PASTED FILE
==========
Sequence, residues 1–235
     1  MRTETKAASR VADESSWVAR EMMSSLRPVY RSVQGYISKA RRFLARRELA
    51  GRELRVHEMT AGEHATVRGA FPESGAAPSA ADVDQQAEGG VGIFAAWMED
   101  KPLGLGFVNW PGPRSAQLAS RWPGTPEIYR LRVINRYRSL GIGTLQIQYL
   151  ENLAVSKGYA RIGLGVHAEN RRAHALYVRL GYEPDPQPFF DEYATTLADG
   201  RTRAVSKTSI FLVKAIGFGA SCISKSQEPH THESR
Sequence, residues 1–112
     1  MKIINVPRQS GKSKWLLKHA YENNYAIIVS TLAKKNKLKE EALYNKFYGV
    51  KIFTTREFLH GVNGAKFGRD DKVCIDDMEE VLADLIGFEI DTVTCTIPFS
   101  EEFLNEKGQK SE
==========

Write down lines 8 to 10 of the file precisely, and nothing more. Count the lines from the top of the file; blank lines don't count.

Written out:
     1  MKIINVPRQS GKSKWLLKHA YENNYAIIVS TLAKKNKLKE EALYNKFYGV
    51  KIFTTREFLH GVNGAKFGRD DKVCIDDMEE VLADLIGFEI DTVTCTIPFS
   101  EEFLNEKGQK SE